So anyway, is there some sort of scale of badness that culminates at “Evil”? I think it’s generally accepted that evil is the worst kind of bad but I still feel that it’s not terribly well defined. In a strictly dichotomous sense, it’s the opposite of “Good”, but there are numerous superlative terms that exceed “good” in their representation of goodness. If we go back to the concept of a scale, then it might be possible to talk about Good and Evil in strictly paradigmatic terms, so that on one end is the most Evil thing/act imaginable, and at the other end the most Good thing/act imaginable.
Presumably, then, in the middle is “Neutral”, neither Good nor Evil. I’m struggling to think of something that would fall under that category. Beige, maybe. The vacuum of space. Ricky Ponting’s retirement. I really don’t know.
The thing about this scale (which, incidentally is making me think of this which is very distracting) is how it can be made divisible. How much easier is it to define “slightly good” than “slightly evil”? How much further up the scale of Good is “Fantastic” than “Wonderful”? This, at least, is relatively easy to answer. What’s happened is those two words in particular, but also “Awesome” and “Brilliant” and others, have ended up being misappropriated by lazy and unimaginative language users and mixed into a slurry of words that in some sense or other relate to the relative goodness of something. That’s not what they meant originally, it’s just how they’ve come to be used.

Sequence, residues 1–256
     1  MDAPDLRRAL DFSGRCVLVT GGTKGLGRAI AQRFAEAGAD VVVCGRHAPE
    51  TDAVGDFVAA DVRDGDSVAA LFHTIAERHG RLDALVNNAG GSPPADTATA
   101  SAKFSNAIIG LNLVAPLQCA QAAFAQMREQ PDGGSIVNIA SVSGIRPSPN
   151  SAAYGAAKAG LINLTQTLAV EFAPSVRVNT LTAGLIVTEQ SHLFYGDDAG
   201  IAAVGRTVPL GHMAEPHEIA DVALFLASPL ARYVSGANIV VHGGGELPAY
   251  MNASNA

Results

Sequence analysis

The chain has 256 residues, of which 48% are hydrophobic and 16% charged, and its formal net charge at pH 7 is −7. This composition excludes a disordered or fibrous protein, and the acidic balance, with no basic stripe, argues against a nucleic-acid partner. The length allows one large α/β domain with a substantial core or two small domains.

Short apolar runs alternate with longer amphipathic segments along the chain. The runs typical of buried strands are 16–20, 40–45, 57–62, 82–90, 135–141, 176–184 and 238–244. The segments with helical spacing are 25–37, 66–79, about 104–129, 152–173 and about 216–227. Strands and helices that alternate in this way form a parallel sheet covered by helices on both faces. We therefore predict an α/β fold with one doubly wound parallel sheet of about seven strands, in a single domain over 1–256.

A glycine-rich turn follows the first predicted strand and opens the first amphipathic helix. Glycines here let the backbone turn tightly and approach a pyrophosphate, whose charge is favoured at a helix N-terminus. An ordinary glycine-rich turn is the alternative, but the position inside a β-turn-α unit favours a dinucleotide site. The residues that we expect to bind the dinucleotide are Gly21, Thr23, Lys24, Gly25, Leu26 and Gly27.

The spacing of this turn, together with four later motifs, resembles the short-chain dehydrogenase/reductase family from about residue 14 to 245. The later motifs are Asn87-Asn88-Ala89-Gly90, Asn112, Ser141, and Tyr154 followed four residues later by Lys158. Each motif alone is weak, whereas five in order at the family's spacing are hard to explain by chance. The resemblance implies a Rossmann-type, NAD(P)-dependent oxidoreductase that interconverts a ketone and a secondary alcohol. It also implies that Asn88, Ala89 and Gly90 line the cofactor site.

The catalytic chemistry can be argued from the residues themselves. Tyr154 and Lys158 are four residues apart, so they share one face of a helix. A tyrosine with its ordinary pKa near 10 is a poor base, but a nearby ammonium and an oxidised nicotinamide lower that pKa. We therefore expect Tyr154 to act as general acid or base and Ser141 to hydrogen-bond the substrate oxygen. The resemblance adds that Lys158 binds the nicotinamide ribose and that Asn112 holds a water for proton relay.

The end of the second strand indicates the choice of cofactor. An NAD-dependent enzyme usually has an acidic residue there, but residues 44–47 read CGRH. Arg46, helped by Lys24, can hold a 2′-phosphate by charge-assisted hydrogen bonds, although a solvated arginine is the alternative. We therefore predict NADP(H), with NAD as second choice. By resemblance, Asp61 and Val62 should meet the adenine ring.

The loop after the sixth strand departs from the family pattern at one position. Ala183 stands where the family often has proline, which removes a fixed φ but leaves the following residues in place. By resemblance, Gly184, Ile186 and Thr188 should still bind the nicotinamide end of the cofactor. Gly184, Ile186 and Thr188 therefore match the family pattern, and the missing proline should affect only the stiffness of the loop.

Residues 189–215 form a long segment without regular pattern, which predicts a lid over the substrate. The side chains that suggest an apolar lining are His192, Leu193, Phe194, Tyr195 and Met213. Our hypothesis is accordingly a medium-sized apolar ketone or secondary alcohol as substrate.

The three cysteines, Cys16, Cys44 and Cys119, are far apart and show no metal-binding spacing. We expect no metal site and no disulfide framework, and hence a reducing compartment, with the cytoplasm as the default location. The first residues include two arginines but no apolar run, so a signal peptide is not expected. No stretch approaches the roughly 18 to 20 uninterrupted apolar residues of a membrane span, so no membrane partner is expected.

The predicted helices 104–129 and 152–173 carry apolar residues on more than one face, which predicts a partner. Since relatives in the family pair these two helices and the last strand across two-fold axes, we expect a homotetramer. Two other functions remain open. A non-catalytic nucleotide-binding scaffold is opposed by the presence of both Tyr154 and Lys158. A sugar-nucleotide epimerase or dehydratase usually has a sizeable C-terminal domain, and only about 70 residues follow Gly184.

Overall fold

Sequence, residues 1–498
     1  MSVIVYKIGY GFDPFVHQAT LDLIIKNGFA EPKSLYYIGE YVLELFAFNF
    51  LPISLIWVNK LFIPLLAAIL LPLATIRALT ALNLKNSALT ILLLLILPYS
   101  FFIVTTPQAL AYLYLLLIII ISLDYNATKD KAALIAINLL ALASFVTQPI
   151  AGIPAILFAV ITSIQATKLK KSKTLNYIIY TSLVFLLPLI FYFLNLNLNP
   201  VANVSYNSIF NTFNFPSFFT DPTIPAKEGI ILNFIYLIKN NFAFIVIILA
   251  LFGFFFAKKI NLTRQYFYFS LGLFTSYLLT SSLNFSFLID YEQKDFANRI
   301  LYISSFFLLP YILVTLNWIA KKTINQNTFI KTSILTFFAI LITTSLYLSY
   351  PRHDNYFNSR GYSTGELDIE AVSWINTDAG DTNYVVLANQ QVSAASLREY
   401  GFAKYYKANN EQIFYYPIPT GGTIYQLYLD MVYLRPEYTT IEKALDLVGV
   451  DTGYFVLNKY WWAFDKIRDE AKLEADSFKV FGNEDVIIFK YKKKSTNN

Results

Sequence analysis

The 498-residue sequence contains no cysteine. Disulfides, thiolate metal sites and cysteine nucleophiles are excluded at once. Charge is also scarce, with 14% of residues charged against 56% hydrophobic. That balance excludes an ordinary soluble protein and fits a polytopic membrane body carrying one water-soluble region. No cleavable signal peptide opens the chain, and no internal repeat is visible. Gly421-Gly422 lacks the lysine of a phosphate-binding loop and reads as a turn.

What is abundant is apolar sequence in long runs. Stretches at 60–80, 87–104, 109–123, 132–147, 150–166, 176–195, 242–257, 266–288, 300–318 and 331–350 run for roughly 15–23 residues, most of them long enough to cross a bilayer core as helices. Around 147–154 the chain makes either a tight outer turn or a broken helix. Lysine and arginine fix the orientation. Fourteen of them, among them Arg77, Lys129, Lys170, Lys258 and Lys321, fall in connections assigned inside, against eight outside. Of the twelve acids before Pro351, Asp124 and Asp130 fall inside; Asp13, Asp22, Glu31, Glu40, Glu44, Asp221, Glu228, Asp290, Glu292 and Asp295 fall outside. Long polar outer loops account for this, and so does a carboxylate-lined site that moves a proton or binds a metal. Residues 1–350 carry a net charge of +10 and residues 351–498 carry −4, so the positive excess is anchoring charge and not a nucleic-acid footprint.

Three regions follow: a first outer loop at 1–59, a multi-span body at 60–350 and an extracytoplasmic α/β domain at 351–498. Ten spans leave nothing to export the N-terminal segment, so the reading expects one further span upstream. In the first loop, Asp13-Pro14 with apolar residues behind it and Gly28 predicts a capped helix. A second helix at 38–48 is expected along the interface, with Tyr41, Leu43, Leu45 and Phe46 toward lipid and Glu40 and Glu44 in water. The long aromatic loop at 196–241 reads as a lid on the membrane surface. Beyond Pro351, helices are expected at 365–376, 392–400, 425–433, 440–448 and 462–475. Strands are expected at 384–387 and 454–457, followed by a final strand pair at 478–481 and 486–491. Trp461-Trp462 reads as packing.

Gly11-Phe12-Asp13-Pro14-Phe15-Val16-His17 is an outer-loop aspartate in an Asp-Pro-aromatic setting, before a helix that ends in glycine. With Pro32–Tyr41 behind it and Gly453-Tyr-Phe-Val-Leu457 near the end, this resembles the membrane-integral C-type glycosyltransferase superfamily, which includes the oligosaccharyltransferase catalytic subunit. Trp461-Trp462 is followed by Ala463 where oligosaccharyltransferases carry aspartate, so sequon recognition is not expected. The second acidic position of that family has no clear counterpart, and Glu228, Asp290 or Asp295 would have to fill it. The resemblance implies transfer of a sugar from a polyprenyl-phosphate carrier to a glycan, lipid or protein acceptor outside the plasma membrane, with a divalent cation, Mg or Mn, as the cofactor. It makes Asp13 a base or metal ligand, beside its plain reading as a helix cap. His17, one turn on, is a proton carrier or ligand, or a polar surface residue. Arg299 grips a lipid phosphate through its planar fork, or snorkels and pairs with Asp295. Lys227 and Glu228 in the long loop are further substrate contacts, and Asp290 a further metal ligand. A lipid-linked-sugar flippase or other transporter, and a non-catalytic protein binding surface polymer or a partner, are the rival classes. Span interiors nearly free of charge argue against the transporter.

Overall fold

So let’s return to the paradigms: At one end of the scale is the most evil thing/act of which one can conceive, and at the other is the most good thing/act of which one can conceive. Now, St. Anselm, in his Proslogion presented his ontological proof of God’s existence. The gist of it, if you can’t be bothered following the link to Wikipedia, is that if God is something than which nothing greater can be conceived, then surely it’s greater if such a thing exists in reality. Ergo, God exists in reality. QED. Atheists and other philosophers (such as myself) like to poke fun at this argument in all sorts of imaginative and entertaining ways. But then atheists also like to quote Epicurus in somewhat unfair terms because it suits their needs. Both arguments fall down in similar ways but you know those kooky atheists, they just don’t care. When there’s a cheap shot to be had, they’ll have it, by gum! (Just as an aside, the sport of atheist baiting, whilst generally thought to be outlawed under anti-trolling legislation no-one really takes seriously, is actually a wholesome sport the whole family can enjoy. Why not give it a try?)